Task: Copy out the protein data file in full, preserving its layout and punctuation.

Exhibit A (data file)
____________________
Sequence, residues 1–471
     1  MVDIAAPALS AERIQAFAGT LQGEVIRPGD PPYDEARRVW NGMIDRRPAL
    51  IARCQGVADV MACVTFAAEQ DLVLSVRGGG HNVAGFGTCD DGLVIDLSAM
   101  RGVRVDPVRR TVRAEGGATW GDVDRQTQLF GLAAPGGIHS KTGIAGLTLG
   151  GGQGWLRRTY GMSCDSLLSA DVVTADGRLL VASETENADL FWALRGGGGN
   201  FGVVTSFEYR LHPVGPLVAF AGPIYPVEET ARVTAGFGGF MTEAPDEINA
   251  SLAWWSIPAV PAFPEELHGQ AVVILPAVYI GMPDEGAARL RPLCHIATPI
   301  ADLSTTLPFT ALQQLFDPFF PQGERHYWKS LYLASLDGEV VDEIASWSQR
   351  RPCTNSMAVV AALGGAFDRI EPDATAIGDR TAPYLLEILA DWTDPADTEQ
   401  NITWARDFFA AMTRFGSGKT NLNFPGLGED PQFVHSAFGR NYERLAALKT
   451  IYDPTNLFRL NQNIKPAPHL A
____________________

Sequence, residues 1–471
     1  MVDIAAPALS AERIQAFAGT LQGEVIRPGD PPYDEARRVW NGMIDRRPAL
    51  IARCQGVADV MACVTFAAEQ DLVLSVRGGG HNVAGFGTCD DGLVIDLSAM
   101  RGVRVDPVRR TVRAEGGATW GDVDRQTQLF GLAAPGGIHS KTGIAGLTLG
   151  GGQGWLRRTY GMSCDSLLSA DVVTADGRLL VASETENADL FWALRGGGGN
   201  FGVVTSFEYR LHPVGPLVAF AGPIYPVEET ARVTAGFGGF MTEAPDEINA
   251  SLAWWSIPAV PAFPEELHGQ AVVILPAVYI GMPDEGAARL RPLCHIATPI
   301  ADLSTTLPFT ALQQLFDPFF PQGERHYWKS LYLASLDGEV VDEIASWSQR
   351  RPCTNSMAVV AALGGAFDRI EPDATAIGDR TAPYLLEILA DWTDPADTEQ
   401  NITWARDFFA AMTRFGSGKT NLNFPGLGED PQFVHSAFGR NYERLAALKT
   451  IYDPTNLFRL NQNIKPAPHL A